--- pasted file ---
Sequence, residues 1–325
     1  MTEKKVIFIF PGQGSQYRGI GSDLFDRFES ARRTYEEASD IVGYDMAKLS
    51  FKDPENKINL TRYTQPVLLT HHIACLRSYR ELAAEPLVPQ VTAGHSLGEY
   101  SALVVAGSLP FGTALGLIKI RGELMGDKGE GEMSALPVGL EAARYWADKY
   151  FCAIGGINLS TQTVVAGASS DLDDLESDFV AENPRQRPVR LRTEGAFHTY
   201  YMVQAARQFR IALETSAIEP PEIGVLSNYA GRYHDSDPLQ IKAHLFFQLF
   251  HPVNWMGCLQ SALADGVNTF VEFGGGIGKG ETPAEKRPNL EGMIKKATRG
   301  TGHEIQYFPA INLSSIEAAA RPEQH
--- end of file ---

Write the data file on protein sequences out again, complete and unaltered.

Sequence, residues 1–325
     1  MTEKKVIFIF PGQGSQYRGI GSDLFDRFES ARRTYEEASD IVGYDMAKLS
    51  FKDPENKINL TRYTQPVLLT HHIACLRSYR ELAAEPLVPQ VTAGHSLGEY
   101  SALVVAGSLP FGTALGLIKI RGELMGDKGE GEMSALPVGL EAARYWADKY
   151  FCAIGGINLS TQTVVAGASS DLDDLESDFV AENPRQRPVR LRTEGAFHTY
   201  YMVQAARQFR IALETSAIEP PEIGVLSNYA GRYHDSDPLQ IKAHLFFQLF
   251  HPVNWMGCLQ SALADGVNTF VEFGGGIGKG ETPAEKRPNL EGMIKKATRG
   301  TGHEIQYFPA INLSSIEAAA RPEQH